Whakarewarewa School

About Us

A brief history.....

On the 14th March 1889 a letter was sent from the people of Tūhourangi and Ngati Wahiao to the Chief of Native Schools to establish a school at Whakarewarewa for their children. Their reasons were "the school at Ohinemutu was too far and on days when it is frosty and raining it was difficult for the children to go on days like this. One of the main reasons why they didnt go is because they get hungry. Establishing a school at Whakarewarewa would mean we would be able to feed our children", there are 50 children altogether. After many requests, it was decided to establish a school to be built on what is now Arikikapakapa Golf Course.

On the 18th of March 1902, Whakarewarewa Native School with 69 students enrolled, with an attendance of 43 opened its doors. The headmaster was Rev. H Burgoyne, and "the first committee was chaired by Maika Keepa, and the members were Mika Aporo, Hatu Pirihi, Haira Himiona,Te Waaka and Te Rohu".

In 1937, the roll had increased so St Chad's Church aka Devon Street Hall was rented as a classroom until a new site was chosen to build a new school. 

A new site was chosen which backed onto the Forest Research Institute aka SCION, the new school was officially opened by the Prime Minister the Rt Hon. Peter Fraser on April 22, 1941. In 1949, a Manual Training  Centre was established with specialist teachers to meet the needs not only of Whakarewarewa School but also pupils of Rotokawa, Whangamarino, Rotoiti, Ngongotaha, Convent, Horohoro, Ngakuru and laters years McKillop College in teaching woodwork, cooking and sewing before it was converted to a classroom since 1976..


Whakarewarewa School is a primary school of 100 students nestled near the Redwood forest and borderd by Whakarewarewa thermal village and SCION. A unique aspect of this school is that it's physically sited amidst four marae - Te Pakira Marae at Whakarewarewa Village, Apumoana marae, Hurunga Te Rangi marae and Hinemihi marae in Ngapuna. This matters because we value our uniqueness to nurture and respect our identity. Our school is certainly the loveliest place tucked safely in our corner of Rotorua.

We aim to provide all students with a culture of learning that is inclusive, exciting and empowering. The cultural and spiritual values, beliefs and practices of Te Arawa are key to ensuring students are confident in their knowledge and understanding of who they are, where they are from and to develop a holistic world view.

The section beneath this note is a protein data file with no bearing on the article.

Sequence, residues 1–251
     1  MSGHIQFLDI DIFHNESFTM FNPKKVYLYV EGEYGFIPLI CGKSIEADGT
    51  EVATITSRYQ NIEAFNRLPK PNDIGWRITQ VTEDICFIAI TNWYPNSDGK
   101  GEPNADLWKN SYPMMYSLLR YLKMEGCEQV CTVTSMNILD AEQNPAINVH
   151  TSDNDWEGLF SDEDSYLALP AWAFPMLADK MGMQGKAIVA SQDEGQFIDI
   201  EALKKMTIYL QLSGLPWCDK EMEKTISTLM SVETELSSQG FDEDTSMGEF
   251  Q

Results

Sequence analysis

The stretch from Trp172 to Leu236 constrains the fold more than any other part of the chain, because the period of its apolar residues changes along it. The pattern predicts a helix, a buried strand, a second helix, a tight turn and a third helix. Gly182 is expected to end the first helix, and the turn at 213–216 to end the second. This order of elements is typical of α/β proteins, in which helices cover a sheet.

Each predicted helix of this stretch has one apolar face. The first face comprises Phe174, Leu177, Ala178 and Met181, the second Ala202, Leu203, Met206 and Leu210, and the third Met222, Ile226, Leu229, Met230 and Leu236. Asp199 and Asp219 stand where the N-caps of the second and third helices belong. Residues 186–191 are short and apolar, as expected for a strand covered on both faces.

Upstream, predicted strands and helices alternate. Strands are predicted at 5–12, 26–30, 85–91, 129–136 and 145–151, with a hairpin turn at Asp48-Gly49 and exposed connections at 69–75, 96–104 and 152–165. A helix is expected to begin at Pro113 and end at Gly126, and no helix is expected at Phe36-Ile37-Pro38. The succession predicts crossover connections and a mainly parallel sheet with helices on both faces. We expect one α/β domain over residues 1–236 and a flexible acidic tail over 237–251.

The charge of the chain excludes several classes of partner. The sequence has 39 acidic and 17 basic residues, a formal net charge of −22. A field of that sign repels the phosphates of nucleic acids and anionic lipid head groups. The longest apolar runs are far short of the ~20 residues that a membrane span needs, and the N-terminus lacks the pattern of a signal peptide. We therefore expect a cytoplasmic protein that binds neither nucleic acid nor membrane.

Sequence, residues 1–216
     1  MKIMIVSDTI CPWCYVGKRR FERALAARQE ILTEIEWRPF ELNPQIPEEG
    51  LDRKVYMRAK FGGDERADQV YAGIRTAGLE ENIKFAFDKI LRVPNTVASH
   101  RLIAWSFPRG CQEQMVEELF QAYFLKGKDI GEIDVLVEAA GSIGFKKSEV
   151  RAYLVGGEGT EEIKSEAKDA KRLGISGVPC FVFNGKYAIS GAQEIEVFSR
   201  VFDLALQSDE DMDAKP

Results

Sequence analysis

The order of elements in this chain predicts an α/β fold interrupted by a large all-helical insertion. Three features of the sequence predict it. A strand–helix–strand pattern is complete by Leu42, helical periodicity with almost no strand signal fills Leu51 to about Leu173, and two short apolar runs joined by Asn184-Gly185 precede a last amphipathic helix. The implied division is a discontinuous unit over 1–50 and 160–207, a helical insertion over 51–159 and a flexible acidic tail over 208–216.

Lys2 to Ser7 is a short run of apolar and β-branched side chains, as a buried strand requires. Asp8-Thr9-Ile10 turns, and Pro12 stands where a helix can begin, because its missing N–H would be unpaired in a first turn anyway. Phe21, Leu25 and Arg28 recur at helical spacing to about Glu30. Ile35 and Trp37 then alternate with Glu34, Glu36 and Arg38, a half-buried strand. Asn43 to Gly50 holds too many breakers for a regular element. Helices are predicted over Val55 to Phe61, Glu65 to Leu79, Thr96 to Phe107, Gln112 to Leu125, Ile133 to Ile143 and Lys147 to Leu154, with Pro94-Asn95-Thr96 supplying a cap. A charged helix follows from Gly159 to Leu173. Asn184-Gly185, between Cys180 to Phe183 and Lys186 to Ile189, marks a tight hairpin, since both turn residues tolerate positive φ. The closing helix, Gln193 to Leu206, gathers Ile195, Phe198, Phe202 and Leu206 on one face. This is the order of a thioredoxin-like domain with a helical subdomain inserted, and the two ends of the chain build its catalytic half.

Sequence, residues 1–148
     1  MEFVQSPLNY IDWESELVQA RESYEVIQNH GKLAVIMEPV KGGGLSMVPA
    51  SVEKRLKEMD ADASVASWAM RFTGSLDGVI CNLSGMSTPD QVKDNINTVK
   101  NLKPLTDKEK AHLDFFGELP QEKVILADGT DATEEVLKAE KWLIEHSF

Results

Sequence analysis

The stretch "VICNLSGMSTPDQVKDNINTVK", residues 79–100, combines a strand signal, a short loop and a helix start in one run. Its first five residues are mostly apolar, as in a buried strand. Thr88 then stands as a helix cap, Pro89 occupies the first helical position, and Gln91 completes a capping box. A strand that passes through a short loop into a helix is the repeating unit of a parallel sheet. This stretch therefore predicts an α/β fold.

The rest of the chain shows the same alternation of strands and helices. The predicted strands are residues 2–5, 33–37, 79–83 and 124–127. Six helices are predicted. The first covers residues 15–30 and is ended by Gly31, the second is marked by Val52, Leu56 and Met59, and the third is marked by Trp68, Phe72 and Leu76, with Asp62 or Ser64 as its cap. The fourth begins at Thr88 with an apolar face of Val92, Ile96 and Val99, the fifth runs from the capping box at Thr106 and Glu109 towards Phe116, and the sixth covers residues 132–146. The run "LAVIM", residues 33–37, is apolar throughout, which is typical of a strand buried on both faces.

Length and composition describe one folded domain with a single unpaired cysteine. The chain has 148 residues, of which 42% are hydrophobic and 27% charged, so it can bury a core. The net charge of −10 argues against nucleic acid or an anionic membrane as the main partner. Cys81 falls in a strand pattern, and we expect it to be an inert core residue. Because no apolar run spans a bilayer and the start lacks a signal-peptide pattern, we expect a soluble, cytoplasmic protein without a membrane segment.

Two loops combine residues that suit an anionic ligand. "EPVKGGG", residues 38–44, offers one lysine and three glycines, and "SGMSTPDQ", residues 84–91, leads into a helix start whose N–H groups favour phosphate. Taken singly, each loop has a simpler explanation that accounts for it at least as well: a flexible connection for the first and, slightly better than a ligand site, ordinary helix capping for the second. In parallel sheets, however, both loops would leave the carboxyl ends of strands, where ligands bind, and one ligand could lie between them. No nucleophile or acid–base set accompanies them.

We believe that all our tamariki will develop a clear sense of their place in society by knowing about themselves. Building an awareness of the past, present and future of Aotearoa will help prepare them to become active citizens, locally, nationally and globally. The Whanau, Board and Staff are committed to developing and practising whanaungatanga as a normal, natural, healthy way of being.

The two learning strands in our kura offer instruction in Te Reo Máori and English:

  • Te Reo Máori option - Rumaki, provides full immersion in Maori following Te Mátauranga o Aotearoa from years 1-8
  • English option - provides full immersion in English and follows the NZ Curriculum from years 1-8

Te Reo Maori, spiritual, traditional values and beliefs permeate all aspects of the learning culture of Whakarewarewa School

  • All classes begin and end with a karakia
  • We recognise and acknowledge the 4 marae that geographically and historically and link directly to the land the kura sits on
  • We strive to maintain contact with the hapu by visiting and revisiting local marae.
  • We work on having a positive relationship with SCION who surround our kura
  • Thematic units (kaupapa matua) have a strong focus on children's links to the land, mountains, lakes and rivers
  • Where possible, we attend tangihanga at the local marae
  • We host community activities e.g. ANZAC Ceremony, Local School's Cross Country, Celebration Days
  • We make our resources and amenities available to all community groups e.g. Túhourangi kapa haka group, Túhourangi Tribal Authority
  • We participate in the annual Rotorua Kapa Haka Festival for Primary Schools
  • We support local organisations to hold events and activities e.g. Te Puia Matariki celebrations, Mountain Biking Orienteering, Citizenship Ceremonies
  • Ngáti Whakaue Education Endowment Trust who fund additional initiatives for descendants of Ngáti Whakaue